June 16 (Reuters) - Microsoft (MSFT.O), which is seeking to buy games giant Activision ATVI.O, faces two legal fights in coming weeks with U.S. antitrust enforcers who are determined to stop the $69 billion transaction.

Microsoft has pressed for a decision sooner rather than later, noting that the purchase agreement has a termination date of July 18, although such dates can be extended and often are. When AT&T (T.N) was buying DirecTV in 2015, the companies extended the termination date twice.

The first fight will be in federal court in California, beginning on June 22 and running until June 29. The second, if it goes forward, is before a Federal Trade Commission administrative law judge and begins on Aug. 2.

Here are four potential outcomes of the California hearing:

* Judge Jacqueline Scott Corley may grant the preliminary injunction and the companies terminate. In the past, most companies which lose at this point have scrapped the proposed deal.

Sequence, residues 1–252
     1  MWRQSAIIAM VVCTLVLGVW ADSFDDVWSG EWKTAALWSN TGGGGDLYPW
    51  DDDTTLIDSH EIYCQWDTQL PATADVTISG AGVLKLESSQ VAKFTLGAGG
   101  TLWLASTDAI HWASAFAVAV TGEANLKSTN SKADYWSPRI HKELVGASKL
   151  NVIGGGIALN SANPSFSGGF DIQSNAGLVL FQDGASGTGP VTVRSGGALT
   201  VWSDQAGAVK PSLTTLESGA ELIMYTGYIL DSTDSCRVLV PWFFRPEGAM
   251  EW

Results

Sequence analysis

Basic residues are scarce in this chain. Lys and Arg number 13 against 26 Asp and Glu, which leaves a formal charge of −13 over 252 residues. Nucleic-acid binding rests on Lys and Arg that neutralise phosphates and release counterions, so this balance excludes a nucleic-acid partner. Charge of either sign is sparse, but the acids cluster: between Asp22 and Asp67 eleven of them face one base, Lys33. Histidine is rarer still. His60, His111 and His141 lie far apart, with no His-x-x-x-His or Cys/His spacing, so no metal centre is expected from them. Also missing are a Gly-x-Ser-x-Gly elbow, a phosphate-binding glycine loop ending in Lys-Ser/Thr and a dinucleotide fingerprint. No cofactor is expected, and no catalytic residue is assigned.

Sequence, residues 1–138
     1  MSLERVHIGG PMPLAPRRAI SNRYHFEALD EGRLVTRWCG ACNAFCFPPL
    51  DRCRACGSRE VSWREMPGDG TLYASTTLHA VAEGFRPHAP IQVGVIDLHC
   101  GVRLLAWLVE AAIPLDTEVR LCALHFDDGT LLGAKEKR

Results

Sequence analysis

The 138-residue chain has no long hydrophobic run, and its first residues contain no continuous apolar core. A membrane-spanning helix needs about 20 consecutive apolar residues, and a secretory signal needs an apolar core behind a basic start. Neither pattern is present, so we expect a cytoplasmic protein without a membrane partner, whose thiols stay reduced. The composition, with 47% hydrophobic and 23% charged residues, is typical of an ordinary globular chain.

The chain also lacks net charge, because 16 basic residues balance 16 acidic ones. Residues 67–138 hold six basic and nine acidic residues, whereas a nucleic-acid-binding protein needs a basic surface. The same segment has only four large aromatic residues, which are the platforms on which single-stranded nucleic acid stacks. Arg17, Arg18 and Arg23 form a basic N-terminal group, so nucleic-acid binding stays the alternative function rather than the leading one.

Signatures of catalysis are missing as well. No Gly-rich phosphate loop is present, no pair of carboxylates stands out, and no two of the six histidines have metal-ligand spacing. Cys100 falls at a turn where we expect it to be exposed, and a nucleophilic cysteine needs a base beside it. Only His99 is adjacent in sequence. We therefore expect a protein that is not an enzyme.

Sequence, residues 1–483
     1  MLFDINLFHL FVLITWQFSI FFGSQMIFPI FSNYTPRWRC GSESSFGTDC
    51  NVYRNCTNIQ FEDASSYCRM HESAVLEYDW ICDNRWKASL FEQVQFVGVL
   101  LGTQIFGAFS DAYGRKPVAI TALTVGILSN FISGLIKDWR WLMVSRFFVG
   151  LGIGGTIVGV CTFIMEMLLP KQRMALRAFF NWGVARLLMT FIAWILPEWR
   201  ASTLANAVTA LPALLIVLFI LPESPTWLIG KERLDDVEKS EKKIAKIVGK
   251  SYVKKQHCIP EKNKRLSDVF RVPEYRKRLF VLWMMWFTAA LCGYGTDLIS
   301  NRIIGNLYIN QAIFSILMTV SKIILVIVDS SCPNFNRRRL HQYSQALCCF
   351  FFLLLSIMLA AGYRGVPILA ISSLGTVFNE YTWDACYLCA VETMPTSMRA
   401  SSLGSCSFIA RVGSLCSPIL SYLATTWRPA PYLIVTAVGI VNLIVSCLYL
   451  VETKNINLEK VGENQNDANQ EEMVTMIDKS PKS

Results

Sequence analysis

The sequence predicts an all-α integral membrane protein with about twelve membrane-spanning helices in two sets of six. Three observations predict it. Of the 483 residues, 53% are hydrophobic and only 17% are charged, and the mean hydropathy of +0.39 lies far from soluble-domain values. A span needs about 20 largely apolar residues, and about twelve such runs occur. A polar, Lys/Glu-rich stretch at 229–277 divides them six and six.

* The judge may grant the preliminary injunction, the companies extend the deal deadline past July 18, and they take the fight to an FTC administrative law judge in August.

* Corley may refuse to grant the preliminary injunction and the FTC drops the fight. This happened most recently with Meta Platforms' META.O purchase of VR content maker Within Unlimited. The FTC lost in federal court and dropped the internal FTC challenge.

* The judge may refuse to grant the preliminary injunction, and the agency fights on. That can be appealed to a federal appeals court. In any case, an administrative law judge at the FTC is scheduled to hear arguments about the deal in August.

If the case goes to Michael Chappell, an FTC judge, as scheduled in August, here are the potential outcomes:

* If Microsoft wins, the FTC staff can ask Chair Lina Khan and the commissioners, who voted to bring the case, to overturn the verdict. The next stop after that would be a federal appeals court. When Chappell ruled against the agency in Illumina's (ILMN.O) acquisition of Grail (GRAL.O), Khan and commissioners overturned the decision and the case is now before an appeals court.

* If the FTC wins, the companies can also appeal to the commission to overturn the decision and, if needed, take the case to an appeals court.

Reporting by Diane Bartz in Washington Editing by Matthew Lewis

Our Standards: The Thomson Reuters Trust Principles.

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